Mar 28, 2017
Activities, Credit Scores, Career, Paying for College, Research, Budgeting, Credit Cards, Identity Theft, Personal Finance, Investing, Mutual Funds, Savings, WebQuest, Financial Literacy, Student Loans, Checking Accounts, Debit Cards, Payment Types, Stocks, Current Events, Insurance, Video Resource, Case Study, Credit Reports, Employment, Quizzes, Entrepreneurship
What does a distinguished professor do during her sabbatical? Curate personal finance resources, of course! In this blog post, Barbara O’Neill shares the fruits of her hundreds of hours of labor in putting together three awesome resource lists (see bottom of post for links to her lists), including what what she considered the “best of the best” from the NGPF library. As she describes below, the purpose of her odyssey was to replenish her “well” of creative...
Mar 15, 2017
Investing, Activity, Research, Index Funds, Mutual Funds, WebQuest, Stocks, Activities
A teacher at our recent FinCamp reminded me that we should not forget about the importance of the mechanics of personal finance transactions. What good is teaching students about the importance of investing if they don’t know how to go about setting up an account to buy/sell investments. While we have a activities on how to select a credit card and a bank account, we don’t answer the basic question that many young investors have which is “How do I buy a stock?”
Mar 12, 2017
Investing, Behavioral Finance, Index Funds, Mutual Funds, Stocks, Current Events, Video Resource
Warren Buffett’s Million Dollar Bet: Who’s Winning (from MarketWatch)?
What’s the bet?
What’s a hedge fund? What’s an index fund?
Who’s winning? Why?
Why should this matter to you as a regular investor? What’s the lesson?
Fee war breaks out on commissions to trade stocks (from CNBC):
How much are brokerage fees going down? Is this good news for investors?
Why do you think the online brokerage stocks are falling with this news?
Do you think...
Mar 06, 2017
Current Events, Index Funds, Investing, Mutual Funds, Stocks, Math, Interactive
Here’s a great interactive for students who struggle with the concept of the S&P500 or of an index or mutual fund. For a math teacher, this interactive would be percentage heaven! I blogged about this in October 2014 when most of you were NOT reading this blog so definitely worthy of a repeat post. I have added better questions for your students to answer too. From finviz.com comes this great visualization of the S&P500:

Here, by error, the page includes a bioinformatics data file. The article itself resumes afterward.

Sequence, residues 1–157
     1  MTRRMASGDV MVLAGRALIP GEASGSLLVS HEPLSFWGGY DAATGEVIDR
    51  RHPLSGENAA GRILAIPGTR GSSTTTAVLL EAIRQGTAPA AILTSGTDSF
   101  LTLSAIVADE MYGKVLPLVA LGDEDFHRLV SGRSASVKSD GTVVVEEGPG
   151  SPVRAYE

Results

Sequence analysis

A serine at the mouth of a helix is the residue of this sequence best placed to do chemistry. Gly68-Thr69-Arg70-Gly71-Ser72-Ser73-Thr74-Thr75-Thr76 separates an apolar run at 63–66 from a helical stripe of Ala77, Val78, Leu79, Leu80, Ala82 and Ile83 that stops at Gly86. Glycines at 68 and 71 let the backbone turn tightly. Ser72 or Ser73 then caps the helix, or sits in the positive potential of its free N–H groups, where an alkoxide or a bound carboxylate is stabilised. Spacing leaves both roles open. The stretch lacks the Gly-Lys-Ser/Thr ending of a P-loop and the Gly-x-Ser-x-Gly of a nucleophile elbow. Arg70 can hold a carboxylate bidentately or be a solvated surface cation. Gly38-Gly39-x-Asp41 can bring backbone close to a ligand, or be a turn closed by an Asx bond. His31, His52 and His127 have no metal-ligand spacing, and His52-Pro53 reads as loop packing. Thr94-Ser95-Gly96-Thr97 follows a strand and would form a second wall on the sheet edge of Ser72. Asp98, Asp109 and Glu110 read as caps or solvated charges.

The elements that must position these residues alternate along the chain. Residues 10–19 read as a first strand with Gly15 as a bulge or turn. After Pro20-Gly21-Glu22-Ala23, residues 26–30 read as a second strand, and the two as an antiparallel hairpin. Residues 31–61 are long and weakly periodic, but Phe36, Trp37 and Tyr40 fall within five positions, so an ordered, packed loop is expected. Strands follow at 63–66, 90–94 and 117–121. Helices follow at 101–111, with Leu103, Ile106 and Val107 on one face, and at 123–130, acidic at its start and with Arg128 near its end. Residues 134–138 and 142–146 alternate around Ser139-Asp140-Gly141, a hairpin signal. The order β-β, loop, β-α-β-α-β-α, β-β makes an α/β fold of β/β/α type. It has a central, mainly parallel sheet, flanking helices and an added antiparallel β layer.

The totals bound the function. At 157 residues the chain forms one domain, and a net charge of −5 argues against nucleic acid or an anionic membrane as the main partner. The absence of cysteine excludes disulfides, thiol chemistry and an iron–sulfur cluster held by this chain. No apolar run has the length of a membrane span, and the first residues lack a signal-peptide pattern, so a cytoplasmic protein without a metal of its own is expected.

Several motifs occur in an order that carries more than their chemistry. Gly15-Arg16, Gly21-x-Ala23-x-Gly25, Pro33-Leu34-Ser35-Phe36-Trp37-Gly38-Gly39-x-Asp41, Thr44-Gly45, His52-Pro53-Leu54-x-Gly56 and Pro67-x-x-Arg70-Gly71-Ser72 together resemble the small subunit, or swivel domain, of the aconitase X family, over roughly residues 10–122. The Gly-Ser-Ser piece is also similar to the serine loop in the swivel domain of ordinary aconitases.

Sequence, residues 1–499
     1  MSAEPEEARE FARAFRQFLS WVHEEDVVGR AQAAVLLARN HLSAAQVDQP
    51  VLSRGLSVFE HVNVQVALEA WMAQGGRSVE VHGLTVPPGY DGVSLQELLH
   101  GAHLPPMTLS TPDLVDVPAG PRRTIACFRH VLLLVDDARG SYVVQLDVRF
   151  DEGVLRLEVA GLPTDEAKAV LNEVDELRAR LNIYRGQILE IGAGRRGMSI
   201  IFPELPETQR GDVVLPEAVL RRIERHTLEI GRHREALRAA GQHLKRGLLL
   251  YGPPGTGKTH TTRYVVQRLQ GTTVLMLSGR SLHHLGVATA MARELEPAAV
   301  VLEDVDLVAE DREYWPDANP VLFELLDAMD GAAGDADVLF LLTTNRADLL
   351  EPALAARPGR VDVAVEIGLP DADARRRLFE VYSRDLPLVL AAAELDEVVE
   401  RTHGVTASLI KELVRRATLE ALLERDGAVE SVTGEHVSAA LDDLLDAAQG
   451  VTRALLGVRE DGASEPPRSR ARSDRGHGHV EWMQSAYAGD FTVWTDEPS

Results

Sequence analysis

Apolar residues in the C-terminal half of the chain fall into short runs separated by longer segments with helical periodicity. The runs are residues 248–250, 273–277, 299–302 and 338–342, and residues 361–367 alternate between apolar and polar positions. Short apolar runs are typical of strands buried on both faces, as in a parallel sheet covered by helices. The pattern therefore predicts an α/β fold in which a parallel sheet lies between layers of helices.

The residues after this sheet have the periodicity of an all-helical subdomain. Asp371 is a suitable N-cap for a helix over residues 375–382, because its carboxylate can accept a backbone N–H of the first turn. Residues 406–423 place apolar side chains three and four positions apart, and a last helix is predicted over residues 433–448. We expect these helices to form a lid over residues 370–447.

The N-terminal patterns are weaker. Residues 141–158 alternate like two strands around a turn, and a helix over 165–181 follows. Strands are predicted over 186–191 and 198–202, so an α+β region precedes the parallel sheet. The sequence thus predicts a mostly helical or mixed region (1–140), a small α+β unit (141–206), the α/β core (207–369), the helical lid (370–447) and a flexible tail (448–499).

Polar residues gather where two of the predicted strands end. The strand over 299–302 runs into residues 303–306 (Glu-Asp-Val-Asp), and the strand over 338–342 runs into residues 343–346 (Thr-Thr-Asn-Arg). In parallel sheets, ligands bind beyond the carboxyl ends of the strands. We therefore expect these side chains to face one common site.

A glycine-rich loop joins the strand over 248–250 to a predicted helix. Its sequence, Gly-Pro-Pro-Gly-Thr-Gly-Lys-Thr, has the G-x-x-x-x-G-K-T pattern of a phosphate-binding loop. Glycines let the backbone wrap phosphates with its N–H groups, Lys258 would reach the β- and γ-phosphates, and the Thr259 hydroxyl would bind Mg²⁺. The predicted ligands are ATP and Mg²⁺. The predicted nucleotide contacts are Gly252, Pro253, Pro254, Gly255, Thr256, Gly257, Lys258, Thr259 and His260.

Here’s a description of what you are looking at:
Feb 15, 2017
Cartoons, Investing, Mutual Funds, Teaching Strategies
Here are three cartoons focused on investing and a few questions for your students to ponder:
What is happening in the cartoon?
What is the motive of the cartoonist?
What lessons can you glean from these cartoons to help your financial life?
In this case, the experts are right! Check out this NGPF Activity on Compound Interest. Create an activity to see what happens when parents invest in college saving or 529 plans when their children are born.
Feb 14, 2017
Webinar, Index Funds, Investing, Mutual Funds, Teaching Strategies, Podcasts, Compound Interest
I have been thinking a lot about this issue of how to make investing simpler. I hear from teachers that this is a real pain point for them. I can see in the NGPF podcast stats that the most popular guests tend to be conversations about investing (Mike Finley, Jonathan Clements and Vanguard’s Jim Rowley to name a few). Then this weekend the lightbulb went off. I was heading to the coast listening to Charlie Ellis on the Masters In Business podcast (kinda dorky I know). Those of you not...
Jan 29, 2017
Index Funds, Activity, Behavioral Finance, Investing, Mutual Funds, Teaching Strategies, Math, Activities
I awoke this morning thinking “how can you make index funds more tangible for students?” Why do I care about this? Anyone who has heard my rantings before either in this blog or on the NGPF podcast knows that I abhor the Stock Market Game. It teaches all the wrong lessons about investing: the short term nature of it, the “luck” factor, the highest risk strategy wins and so on. At some point, I will create a game to counter these lessons that is focused on index funds. The...